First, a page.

Khansama – The Royal India Master Chef is a BJN Group endeavour at UB City Mall. The theme is royalty, and it serves a mix of cusines, though skewed towards North indian dishes.

The mall also hosts Shiro (Lounge), Oakroom (multi cusine), Ecstasy (desserts/cafe), The Tasty Tangles (Oriental), Rajdhani (that thali has been on the pending list for a while now!!) ..quite an elaborate food court…  So, maybe you could go a bit early and figure out what gastronomic mood you’re in. We, however, reserved in advance, and were quite surprised to see a few tables occupied by 7.30. Maybe they all wanted to get back in time for Juno. :)

The ambience is quite befitting the royal theme the restaurant has. Massive portraits, swords, assorted mounted animal heads :D, and a few guns thrown in too on the walls. The lighting has been done well too, not too dimly lit, and not too bright either, enhancing the effects of the entire setting.

We started with a ‘Dhuanr Murgh Tikka’ starter. That’s “succulent and creamy pieces of chicken infused with italian smoked mozzarella”. It was quite good, and went well with the chilly sauce. D liked the mint sauce though she rated it a bit lower than the one in Copper Chimney. There are quite a few options in veg and non veg, the seafood starters are costly though. If you’re the soup kind, there are quite a few choices on that front too.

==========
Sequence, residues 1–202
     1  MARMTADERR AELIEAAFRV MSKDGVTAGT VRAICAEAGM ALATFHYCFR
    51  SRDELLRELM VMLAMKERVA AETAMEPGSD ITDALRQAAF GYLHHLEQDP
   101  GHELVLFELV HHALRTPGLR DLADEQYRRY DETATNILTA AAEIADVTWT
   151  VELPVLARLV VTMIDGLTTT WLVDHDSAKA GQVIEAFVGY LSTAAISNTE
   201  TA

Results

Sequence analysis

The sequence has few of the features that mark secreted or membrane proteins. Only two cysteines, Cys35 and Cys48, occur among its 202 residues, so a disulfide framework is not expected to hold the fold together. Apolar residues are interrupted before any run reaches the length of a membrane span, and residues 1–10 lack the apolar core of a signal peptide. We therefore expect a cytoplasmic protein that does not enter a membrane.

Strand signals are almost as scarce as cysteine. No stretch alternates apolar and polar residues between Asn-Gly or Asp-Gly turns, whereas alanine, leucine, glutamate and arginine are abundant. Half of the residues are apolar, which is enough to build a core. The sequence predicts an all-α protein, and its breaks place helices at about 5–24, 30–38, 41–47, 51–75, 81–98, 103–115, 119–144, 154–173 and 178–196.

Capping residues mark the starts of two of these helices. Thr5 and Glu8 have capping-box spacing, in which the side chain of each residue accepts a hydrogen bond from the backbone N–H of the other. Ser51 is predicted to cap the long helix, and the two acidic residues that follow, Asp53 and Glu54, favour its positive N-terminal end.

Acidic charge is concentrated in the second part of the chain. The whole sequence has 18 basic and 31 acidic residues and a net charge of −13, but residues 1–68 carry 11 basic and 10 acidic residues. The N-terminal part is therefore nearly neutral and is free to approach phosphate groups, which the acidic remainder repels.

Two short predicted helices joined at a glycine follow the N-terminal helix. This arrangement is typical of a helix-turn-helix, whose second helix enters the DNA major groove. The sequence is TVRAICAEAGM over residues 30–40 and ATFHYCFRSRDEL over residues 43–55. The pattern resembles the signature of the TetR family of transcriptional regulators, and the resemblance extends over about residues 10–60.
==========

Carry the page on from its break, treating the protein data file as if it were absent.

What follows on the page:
For the main course, we ordered a Kofta Zartaari (“paneer, potato dumplings done the zartaari style), a Murgh Darbari (“an affable combo of spring chicken and eggs in a silky smooth gravy”), and to go with that a portion of Punjabi Zaituni Naan (“traditional flour bread – baked in the tandoor with black and stuffed green olives, basted with light spanish olive oil” – its not boneless). We were told that the chicken dish would be a bit sweet, but the kofta would provide the spice. It turned out almost the opposite, with the Kofta gravy being a tad sweet (but the Kofta itself a bit spicy) and the chicken dish  being mildly spicy. The bread was quite awesome, one portion has two naans, but quite small, so we ordered a Lal Mirch paratha too. Good stuff, which (thankfully?) didn’t reach the levels of our hari mirch adventure at Heera Panna. The menu offers quite a lot of choices, some even from South Indian cuisine, since the theme is more royalty than any geographic area. (though the menu has only sher shah suri and the Mughals) :)